• 1. Verdon DR. Pet owners push back on prices. DVM360 News 2011;Sep 1. Available at: veterinarynews.dvm360.com/pet-owners-push-back-prices?id=&pageID=l&sk=&date=. Accessed Feb 5, 2015.

    • Search Google Scholar
    • Export Citation
  • 2. Scheidegger J. Veterinary practices performing more euthanasias despite increase in stop treatment point. DVM360 News 2012;Oct 24. Available at: veterinarynews.dvm360.com/veterinary-practices-performing-more-euthanasias-despite-increase-stop-treatment-point. Accessed Feb 5, 2015.

    • Search Google Scholar
    • Export Citation
  • 3. Tremayne J. Economic euthanasia on the rise. Vet Practice News 2014;Jun 10. Available at: www.veterinarypracticenews.com/June-2009/Economic-Euthanasia-On-The-Rise/. Accessed Feb 5, 2015.

    • Search Google Scholar
    • Export Citation
  • 4. American Animal Hospital Association, AVMA. Reversing the decline in veterinary care utilization: progress made, challenges remain. Schaumburg, Ill: Partners for Healthy Pets, 2014. Available at: www.partnersforhealthypets.org/Uploads/iv4kcp3e.juc/VetCareUsageStudy_WhitePaper_July2014.pdf Accessed Feb 5, 2015.

    • Search Google Scholar
    • Export Citation
  • 5. Kipperman B. Economic euthanasia; a disease in need of prevention. Aug 10, 2010. Available at: www.hsvma.org/economiceuthanasiadiseaseinneedofprevention#.VNVJ8SnFJGI. Accessed Feb 5, 2015.

    • Search Google Scholar
    • Export Citation
  • 6. Skipper GE, Williams JB. Failure to acknowledge high suicide risk among veterinarians. J Vet Med Educ 2012; 39: 7982.

  • 7. Figley CR, Roop RG. The practice of veterinary medicine and compassion fatigue. In: Compassion fatigue in the animal care community. Washington, DC: Humane Society Press, 2006;5156.

    • Search Google Scholar
    • Export Citation
  • 8. Coe JB, Adams CL, Bonnett BN. A focus group study of veterinarians' and pet owners' perceptions of the monetary aspects of veterinary care. J Am Vet Med Assoc 2007; 231: 15101518.

    • Search Google Scholar
    • Export Citation
  • 9. Volk JO, Felsted KE, Thomas JG, et al. Executive summary of the Bayer veterinary care usage study. J Am Vet Med Assoc 2011; 238: 12751282.

    • Search Google Scholar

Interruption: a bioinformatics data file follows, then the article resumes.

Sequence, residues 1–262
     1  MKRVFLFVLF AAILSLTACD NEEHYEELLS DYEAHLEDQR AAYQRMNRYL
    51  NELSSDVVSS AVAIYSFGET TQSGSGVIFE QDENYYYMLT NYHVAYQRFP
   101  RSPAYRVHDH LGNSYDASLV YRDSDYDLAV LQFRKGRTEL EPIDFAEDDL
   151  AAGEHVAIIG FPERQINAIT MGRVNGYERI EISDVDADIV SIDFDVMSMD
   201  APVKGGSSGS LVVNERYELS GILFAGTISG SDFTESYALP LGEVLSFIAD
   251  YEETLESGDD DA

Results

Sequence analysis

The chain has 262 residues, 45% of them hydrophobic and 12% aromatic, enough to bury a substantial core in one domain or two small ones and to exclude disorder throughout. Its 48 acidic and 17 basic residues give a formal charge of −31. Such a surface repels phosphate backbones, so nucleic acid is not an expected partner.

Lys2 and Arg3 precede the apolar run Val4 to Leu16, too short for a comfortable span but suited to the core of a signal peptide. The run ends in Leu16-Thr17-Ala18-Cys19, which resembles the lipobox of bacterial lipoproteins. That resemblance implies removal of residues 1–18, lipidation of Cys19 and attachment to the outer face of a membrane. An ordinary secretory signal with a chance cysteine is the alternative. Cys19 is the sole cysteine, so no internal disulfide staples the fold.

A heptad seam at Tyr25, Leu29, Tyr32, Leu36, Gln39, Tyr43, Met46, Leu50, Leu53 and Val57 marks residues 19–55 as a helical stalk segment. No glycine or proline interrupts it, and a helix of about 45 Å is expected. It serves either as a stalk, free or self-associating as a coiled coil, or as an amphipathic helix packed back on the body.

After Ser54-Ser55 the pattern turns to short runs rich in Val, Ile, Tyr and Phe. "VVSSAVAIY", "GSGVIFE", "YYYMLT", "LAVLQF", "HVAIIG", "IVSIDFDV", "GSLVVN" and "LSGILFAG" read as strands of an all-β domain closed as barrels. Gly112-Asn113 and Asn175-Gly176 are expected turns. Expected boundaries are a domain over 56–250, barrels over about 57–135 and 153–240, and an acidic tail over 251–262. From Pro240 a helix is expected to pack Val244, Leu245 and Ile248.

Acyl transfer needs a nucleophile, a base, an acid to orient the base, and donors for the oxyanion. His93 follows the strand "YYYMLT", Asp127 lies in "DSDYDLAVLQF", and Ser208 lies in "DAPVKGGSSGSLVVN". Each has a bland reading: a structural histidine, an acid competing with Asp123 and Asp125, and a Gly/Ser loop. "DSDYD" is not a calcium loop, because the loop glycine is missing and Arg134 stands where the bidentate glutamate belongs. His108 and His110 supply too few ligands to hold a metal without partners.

• Export Citation
  • 10. Coe JB, Adams CL, Bonnett BN. Prevalence and nature of cost discussions during clinical appointments in companion animal practice. J Am Vet Med Assoc 2009; 234: 14181424.

    • Search Google Scholar
    • Export Citation
  • 11. Flemming DD, Scott JF. The informed consent doctrine: what veterinarians should tell their clients. J Am Vet Med Assoc 2004; 224: 14361439.

    • Search Google Scholar
    • Export Citation
  • 12. Alexander GC, Casalino LP, Meltzer DO. Patient-physician communication about out-of-pocket costs. JAMA 2003; 290: 953958.

  • 13. Ubel PA, Abernethy AP, Zafar SY. Full disclosure—out-of-pocket costs as side effects. N Engl J Med 2013; 369: 14841486.

  • 14. Mechanic D, McAlpine DD, Rosenthal M. Are patients' office visits with physicians getting shorter? N Engl J Med 2001; 344: 198204.

    • Search Google Scholar
    • Export Citation
  • 15. Robinson NJ, Dean RS, Cobb M, et al. Consultation length in first opinion small animal practice. Vet Rec 2014; 175: 486.

  • 16. Cochrane A. Animal rights without liberation: applied ethics and human obligations (critical perspectives on animals: theory, culture, science, and law). New York: Columbia University Press, 2012;132.

    • Search Google Scholar
    • Export Citation
  • 17. Rollin BE. Animal rights & human morality. Buffalo, NY: Prometheus Books, 2006;311.

  • 18. Rollin BE. Putting the horse before Descartes: my life's work on behalf of animals (animals and ethics). Philadelphia: Temple University Press, 2011;5761.

    • Search Google Scholar
    • Export Citation
  • 19. Kahler SC. Moral stress the top trigger in veterinarians' compassion fatigue. J Am Vet Med Assoc 2015; 246: 1618.

Advertisement

Factors that influence small animal veterinarians’ opinions and actions regarding cost of care and effects of economic limitations on patient care and outcome and professional career satisfaction and burnout